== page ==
John Ryland, Jr.
His son John was born at Warwick, 29 January, 1753. He was unusually precocious, with a somewhat hasty temper, and keen sensibilities. Before he was twelve Years of age he had read Genesis in Hebrew five times through, and he had read the Greek Testament at a still earlier age. He was acquainted with Virgil and Horace, and had read Rollin’s Ancient History from beginning to end. His father, though proud of the boy, kept him in strict, perhaps stern subjection. The early promise was amply fulfilled. He became a fine linguist, was widely read, and was well acquainted with the science of his time. As he grew up he became more and more fond of reading. His chief delight was in history and poetry rather than in philosophy or romance. Select pieces which pleased him he was in the habit of transcribing and preserving. Some religious books he took special delight in, such as Bunyan’s ” Holy War” and De Foe’s “Family Instructor” with its irresistible realism. There is a time in the life of a lad when the mind seems to take a sudden bound, and when he is said to be at the. winning or the losing. That time came early in Ryland’s case. He often had yearning after God and resolutions to live another life, but they all seemed evanescent. When between thirteen and fourteen, in connection with a little religious association among his father’s boarders, described as an early instance of a Christian Endeavour Society, he entered on an experience which issued in simple submission and surrender to Jesus Christ. It could not have been supposed by anyone who knew how he had been trained that he was destitute of a speculative acquaintance with evangelical truth, but he now began to be more deeply concerned about it than he had been before, and “endeavoured to apply for mercy by earnest prayer.” The months that followed were marked by what was to him terrible distress of mind, with occasional gleams of sunshine. His diary gives a vivid and minute account of his inward history and the fluctuations of feeling. In reading the Bible a text would encourage him, and by and by the feelings of joy and hope that had been excited would seem delusive. He read ” Alleine’s Alarm,” “Baxter’s Call,” Bunyan’s ” Grace Abounding,” and similar books. At one time he seems to be rejoicing in God; and then he deplores that all his interest in the Gospel is dying out; then strong and dreadful convictions of sin would overwhelm him, and drive him almost to despair. He was baptised, along with two of his father’s pupils and Mr. Joseph Dent, his future brother-in-law, and received into the church in his fourteenth year.
He began to preach before he was seventeen. For some years he assisted in the school, but in 1781 he was associated with his father as co-pastor, and filled the office alone when his father removed to the neighbourhood of London, in 1786. His ministry in Northampton was eminently gracious and useful. Like his father he did not confine his labours to the congregation in College Lane, but extended them to the whole county and even beyond. He lacked his father’s originality and daring, and was characterised rather by sound sense, persuasiveness, deep sincerity, and Scriptural teaching, than by any elements that make for popularity. The effect of his preaching was greatly heightened by the veneration with which his character was regarded by all. He was just the man to co-operate with Carey, Fuller, and Sutcliff when the missionary movement began. At the formation of the Society Ryland’s name heads the list of original subscribers – John Ryland, Northampton, ?2 2s -and is placed first in the Committee of five then appointed. Ryland threw himself heart and soul into the enterprise and kept up a very affectionate correspondence with his old friend Carey to the close of his life.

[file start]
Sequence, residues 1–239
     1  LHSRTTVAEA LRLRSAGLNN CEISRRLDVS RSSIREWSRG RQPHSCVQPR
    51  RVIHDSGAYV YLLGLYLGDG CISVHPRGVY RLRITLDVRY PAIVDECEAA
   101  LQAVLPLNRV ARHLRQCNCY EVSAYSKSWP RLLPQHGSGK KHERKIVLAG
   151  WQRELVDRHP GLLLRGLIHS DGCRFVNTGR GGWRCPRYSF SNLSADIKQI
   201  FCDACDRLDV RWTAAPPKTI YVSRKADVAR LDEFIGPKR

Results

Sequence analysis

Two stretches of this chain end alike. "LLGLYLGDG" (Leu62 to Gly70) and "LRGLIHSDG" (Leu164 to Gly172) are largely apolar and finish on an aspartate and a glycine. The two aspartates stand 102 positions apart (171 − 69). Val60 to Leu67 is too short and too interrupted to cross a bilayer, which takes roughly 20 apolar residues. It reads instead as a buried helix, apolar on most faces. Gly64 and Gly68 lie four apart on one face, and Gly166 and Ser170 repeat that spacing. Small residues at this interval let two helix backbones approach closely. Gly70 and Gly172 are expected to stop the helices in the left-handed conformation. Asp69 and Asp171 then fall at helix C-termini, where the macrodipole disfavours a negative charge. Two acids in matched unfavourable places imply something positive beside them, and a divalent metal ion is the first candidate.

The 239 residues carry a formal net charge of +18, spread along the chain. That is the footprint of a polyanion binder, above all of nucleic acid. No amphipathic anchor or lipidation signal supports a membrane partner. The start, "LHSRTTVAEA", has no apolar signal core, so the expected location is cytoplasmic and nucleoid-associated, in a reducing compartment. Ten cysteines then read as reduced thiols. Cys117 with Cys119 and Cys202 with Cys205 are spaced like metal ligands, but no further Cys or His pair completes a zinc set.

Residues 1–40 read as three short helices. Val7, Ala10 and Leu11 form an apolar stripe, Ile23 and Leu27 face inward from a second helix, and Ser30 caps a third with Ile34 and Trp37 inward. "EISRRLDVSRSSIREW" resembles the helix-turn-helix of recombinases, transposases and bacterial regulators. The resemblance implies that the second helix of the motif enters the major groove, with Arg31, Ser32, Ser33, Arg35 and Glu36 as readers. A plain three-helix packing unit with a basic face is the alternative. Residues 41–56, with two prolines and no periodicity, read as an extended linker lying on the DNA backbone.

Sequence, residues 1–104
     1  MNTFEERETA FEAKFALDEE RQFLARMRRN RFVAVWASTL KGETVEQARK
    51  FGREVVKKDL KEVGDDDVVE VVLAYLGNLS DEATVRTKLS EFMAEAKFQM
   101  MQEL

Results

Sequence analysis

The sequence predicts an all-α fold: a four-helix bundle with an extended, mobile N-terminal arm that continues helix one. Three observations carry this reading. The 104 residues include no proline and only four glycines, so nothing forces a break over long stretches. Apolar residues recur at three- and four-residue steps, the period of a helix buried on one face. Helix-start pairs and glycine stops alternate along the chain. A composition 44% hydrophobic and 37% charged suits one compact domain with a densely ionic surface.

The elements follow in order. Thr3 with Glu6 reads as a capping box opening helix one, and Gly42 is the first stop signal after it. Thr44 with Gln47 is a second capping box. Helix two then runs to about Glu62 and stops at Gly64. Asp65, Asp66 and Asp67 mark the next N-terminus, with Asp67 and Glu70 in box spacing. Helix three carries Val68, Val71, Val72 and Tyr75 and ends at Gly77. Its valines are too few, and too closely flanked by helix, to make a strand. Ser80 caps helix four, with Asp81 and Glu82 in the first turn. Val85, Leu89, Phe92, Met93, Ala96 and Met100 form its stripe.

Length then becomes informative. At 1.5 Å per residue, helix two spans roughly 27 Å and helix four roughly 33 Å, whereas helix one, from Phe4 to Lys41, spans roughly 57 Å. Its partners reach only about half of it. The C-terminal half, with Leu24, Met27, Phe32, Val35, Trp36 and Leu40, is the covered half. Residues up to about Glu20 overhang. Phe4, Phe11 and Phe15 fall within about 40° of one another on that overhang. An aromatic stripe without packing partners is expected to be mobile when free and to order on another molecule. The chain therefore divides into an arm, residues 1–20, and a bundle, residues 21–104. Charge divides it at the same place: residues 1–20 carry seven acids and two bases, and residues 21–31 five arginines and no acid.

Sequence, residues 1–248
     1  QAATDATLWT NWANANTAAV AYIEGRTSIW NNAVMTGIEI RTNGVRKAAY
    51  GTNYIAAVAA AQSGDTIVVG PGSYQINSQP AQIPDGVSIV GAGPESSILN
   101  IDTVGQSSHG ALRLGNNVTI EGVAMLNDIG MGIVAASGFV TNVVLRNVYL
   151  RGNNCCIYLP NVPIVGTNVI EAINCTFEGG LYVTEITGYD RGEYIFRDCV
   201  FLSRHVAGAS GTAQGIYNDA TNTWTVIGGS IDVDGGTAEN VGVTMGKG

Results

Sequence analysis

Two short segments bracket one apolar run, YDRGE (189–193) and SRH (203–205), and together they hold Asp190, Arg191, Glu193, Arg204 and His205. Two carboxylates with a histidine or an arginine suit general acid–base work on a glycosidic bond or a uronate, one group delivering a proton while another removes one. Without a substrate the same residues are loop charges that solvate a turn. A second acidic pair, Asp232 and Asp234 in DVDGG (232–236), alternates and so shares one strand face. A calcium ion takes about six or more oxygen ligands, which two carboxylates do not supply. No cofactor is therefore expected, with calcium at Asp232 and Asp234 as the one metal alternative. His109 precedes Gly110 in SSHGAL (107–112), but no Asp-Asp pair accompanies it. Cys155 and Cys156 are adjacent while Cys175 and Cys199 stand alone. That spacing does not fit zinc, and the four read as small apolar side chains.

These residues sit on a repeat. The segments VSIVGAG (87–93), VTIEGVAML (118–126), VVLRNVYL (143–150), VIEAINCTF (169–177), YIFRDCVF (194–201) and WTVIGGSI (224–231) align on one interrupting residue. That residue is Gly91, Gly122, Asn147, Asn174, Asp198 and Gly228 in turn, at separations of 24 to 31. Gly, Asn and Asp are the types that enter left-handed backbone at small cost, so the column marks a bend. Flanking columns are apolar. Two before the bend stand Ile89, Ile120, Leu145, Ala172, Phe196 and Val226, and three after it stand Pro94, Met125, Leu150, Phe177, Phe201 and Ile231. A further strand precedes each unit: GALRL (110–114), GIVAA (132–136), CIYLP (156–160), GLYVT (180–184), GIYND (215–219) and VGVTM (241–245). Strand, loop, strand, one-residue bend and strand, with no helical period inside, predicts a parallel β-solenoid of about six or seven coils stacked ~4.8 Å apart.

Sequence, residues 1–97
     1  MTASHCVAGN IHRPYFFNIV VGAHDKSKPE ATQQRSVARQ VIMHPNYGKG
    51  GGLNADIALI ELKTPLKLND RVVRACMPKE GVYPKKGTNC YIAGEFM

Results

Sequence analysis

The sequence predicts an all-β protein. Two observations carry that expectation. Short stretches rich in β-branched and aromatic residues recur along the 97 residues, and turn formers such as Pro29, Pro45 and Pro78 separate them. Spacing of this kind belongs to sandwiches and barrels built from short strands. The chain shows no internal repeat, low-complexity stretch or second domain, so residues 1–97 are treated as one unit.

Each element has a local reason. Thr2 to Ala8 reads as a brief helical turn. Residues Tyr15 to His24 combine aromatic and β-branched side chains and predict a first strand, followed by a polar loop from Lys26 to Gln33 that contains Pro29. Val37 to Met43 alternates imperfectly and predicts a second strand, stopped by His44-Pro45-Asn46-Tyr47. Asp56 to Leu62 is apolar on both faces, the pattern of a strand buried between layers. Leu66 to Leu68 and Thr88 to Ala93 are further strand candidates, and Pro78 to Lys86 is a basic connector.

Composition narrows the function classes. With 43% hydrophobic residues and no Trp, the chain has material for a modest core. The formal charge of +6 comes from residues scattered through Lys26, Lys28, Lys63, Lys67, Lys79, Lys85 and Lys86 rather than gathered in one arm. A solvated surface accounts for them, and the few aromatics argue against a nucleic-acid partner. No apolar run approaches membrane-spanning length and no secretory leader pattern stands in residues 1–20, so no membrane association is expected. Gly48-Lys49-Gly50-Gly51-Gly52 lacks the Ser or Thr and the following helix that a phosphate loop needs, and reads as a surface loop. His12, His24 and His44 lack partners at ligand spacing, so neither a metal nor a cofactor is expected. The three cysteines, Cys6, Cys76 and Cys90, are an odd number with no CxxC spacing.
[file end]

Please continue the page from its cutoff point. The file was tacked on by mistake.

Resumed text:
Move to Bristol
When the first news from the missionaries came home, Ryland had removed to Bristol. No sooner had he read his letter from Carey than at once he sent for Dr. Bogue and Mr. Stephen, who happened to be in Bristol, calling them to rejoice with him. They joined in giving thanks to God. Then Bogue and Stephen, calling on Mr. Hey, a leading citizen, the three took the first steps toward the formation of the London Missionary Society, which has since achieved such triumphs in all quarters of the world. Thus Ryland was privileged to have part in forming two of the noblest societies of modern times. Bristol College, then the only institution for ministerial education in the denomination had been left without a president by the death of Caleb Evans the previous year, and now the eyes. of the whole country turned to Ryland as the fittest man to ‘be his successor. After prolonged correspondence he consented, and in the close of 1793 removed to Bristol to be pastor of the Broadmead Church and president of the college. The diploma of D.D. was conferred upon him in September, 1792, by Brown University, Rhode Island, U.S.A. The same learned body had constituted him M.A. in 1773. He was the same man in Bristol that he had been in Northampton, as indefatigable in Christian work, and held in as profound esteem for unselfishness, uprightness, and graciousness of spirit. If he was remarkable for any one thing more than another, it was the rare grace of forgetting himself in doing the work that lay to hand. ” His readiness,” says Hall, ” to take the lowest place could only be exceeded by the eagerness of all who knew him to assign him the highest; and this was the only competition which the distinctions of life ever cost him.” He lived at a time of keen controversy, but shared nothing of the too common bitterness and striving for victory. I have read many of his private letters and memoranda, some of them relating to matters of painful dispute, and have been struck by the self-restraint they manifest, and the spirit of fairness and charity pervading them. What he was to the college William Rhodes, of Damerham, one of his most distinguished students, whose memory Dr. Stanford has immortalised, may tell: ” No tutor could be more loved and revered: none could more highly deserve it. The sentiment indulged towards him by us all, and that most deeply by the most pious and cultivated of our number, was a deep and affectionate veneration for his character, together with gratitude for the tenderness and fidelity with which he performed his various duties among us. His whole behaviour impressed us with the most serious and delightful conviction that he not only did his utmost to promote our mental advancement and watched over our progress with benignant complacency, but that our improvement in piety was an object of fervent solicitude to his holy and devotional mind.”